Caring for Katarapko
Katarapko is located near Berri and Loxton and covers more than 9,000 hectares. Most of this is in the Murray River National Park, with the rest being a mix of private land, Crown land and the Gerard Aboriginal Reserve.
It is a special place because of its cultural, ecological and recreational value. It is home to threatened species and includes a range of habitats, with lagoons, swamps, wetlands and creeks. The area also attracts up to 40,000 visitors each year.
The ecological condition of Katarapko has been declining because of altered flow regimes, obstructions to fish passage, and pest plants and animals.
Environmental floodplain watering at Katarapko Spring 2020
How we are caring for Katarapko
Community and government agencies are working together to look after Katarapko. Work began with the Katfish Reach community project as part of the Native Fish Strategy of the Murray-Darling Basin Authority. This project set up a large-scale demonstration site that aims to show the community that coordinated activities can help native fish habitat and populations to recover. The name ‘Katfish Reach’ was coined from the words Katarapko and fish demonstration reach.
Improving the health of Katarapko means managing flows into and around it in a more natural water regime. Water flows into the Katarapko-Eckerts Creek system from the River Murray above Lock 4. The creeks then flow through the floodplain, bypassing Lock 4, and eventually flow back out to the River Murray in weir pool 4. Infrastructure has been improved to enable better management of these flows. Works included removing barriers and constructing fishways so fish downstream of Lock 4 can migrate upstream through Katarapko. These works form part of the Riverine Recovery Project and the SA Riverland Floodplains Integrated Infrastructure Program, being delivered by the Department for Environment and Water.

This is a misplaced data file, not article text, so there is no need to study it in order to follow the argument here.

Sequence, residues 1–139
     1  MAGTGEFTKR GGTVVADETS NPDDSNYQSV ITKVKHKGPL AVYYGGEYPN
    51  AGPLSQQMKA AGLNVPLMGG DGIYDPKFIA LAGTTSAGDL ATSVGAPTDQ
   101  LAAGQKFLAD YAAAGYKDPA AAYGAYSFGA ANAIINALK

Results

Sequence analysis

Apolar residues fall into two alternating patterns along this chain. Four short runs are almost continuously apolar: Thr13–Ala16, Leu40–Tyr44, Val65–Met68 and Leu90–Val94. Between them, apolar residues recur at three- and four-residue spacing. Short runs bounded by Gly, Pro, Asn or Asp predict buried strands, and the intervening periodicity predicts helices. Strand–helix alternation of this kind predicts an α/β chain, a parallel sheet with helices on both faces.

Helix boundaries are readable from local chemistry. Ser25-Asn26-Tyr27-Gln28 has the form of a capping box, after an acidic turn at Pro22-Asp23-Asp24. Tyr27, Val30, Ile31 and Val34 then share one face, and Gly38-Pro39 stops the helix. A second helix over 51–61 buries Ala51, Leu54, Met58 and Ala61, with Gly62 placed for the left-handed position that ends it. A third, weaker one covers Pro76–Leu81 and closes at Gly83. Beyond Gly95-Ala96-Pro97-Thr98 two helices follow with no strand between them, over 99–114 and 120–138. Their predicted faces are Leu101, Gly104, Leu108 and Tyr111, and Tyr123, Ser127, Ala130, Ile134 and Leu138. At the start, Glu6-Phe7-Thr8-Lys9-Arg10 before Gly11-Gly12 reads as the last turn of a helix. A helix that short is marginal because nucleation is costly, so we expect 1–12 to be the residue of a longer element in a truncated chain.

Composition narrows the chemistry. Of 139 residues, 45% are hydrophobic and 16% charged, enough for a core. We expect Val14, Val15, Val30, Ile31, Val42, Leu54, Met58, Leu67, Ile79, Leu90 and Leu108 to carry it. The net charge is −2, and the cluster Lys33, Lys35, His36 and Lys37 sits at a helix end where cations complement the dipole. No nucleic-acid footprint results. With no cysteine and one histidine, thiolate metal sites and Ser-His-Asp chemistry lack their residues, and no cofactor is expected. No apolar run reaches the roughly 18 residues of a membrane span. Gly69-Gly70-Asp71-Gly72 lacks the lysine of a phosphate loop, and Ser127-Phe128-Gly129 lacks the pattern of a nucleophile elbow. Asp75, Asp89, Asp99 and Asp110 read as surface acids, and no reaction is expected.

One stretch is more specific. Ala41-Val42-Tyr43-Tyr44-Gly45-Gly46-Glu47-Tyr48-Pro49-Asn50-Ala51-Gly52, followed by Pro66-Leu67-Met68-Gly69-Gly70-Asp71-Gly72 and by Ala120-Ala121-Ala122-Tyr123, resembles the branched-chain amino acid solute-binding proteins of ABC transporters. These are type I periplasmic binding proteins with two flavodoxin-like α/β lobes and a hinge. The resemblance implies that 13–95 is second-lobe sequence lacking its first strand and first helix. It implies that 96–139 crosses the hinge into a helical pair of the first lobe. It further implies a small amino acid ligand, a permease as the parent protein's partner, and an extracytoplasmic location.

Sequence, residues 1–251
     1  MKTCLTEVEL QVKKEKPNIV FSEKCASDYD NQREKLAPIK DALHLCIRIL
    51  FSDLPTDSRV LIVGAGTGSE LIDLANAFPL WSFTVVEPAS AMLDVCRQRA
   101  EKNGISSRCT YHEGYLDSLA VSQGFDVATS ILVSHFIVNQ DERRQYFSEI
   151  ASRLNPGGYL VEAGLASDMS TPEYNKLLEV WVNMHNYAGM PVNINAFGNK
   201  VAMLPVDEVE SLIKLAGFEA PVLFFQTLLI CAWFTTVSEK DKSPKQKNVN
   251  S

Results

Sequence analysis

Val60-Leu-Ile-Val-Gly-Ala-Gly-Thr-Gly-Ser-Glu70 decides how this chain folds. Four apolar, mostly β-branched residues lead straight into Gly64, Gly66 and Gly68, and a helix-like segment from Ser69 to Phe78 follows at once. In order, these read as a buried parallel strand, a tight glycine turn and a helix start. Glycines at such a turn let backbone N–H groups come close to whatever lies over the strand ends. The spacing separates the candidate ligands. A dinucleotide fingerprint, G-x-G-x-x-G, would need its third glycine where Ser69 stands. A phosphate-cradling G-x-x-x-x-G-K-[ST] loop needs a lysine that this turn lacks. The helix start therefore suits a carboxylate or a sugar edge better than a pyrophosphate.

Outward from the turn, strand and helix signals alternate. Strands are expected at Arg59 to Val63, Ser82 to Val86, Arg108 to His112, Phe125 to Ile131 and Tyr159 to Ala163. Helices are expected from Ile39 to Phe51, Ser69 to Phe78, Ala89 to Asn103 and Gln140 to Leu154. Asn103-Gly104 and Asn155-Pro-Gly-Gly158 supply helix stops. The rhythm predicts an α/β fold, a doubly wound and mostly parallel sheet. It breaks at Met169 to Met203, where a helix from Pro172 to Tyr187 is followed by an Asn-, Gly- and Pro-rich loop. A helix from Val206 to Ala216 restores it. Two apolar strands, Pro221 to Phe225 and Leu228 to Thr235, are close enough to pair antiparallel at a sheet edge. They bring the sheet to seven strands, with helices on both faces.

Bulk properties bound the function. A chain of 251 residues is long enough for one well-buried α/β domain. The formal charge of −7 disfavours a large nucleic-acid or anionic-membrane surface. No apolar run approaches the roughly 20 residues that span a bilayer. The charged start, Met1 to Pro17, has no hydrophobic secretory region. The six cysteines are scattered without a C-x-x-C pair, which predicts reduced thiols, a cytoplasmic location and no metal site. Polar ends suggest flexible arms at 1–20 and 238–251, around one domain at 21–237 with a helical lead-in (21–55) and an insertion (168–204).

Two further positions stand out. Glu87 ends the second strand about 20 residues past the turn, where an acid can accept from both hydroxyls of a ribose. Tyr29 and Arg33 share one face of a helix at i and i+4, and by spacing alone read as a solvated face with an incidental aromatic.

The Katarapko Floodplain project
This is the journey of the South Australian Riverland Integrated Infrastructure Program (SARFIIP) and the valuable legacy it will leave behind for future generations. The environmental program delivered by the Department for Environment and Water included construction of regulators, fishways and blocking banks at the Katarapko floodplain to improve the overall health and resilience of the landscape. A short film has been created to share the great results of the program and the benefits to the Katarapko floodplain and ecosystem.
Our aim for Katarapko
How we are protecting Katarapko:
- managing water to create a more natural cycle of flooding and drying
- increasing native fish numbers
- improving the ability of native fish to move through Katarapko
- improving the diversity of native plants
- improving habitat for native animals including threatened species
- recognising the importance of traditional Aboriginal culture and European heritage
- making the best use of environmental water
- improving water quality
- managing pest plants and animals.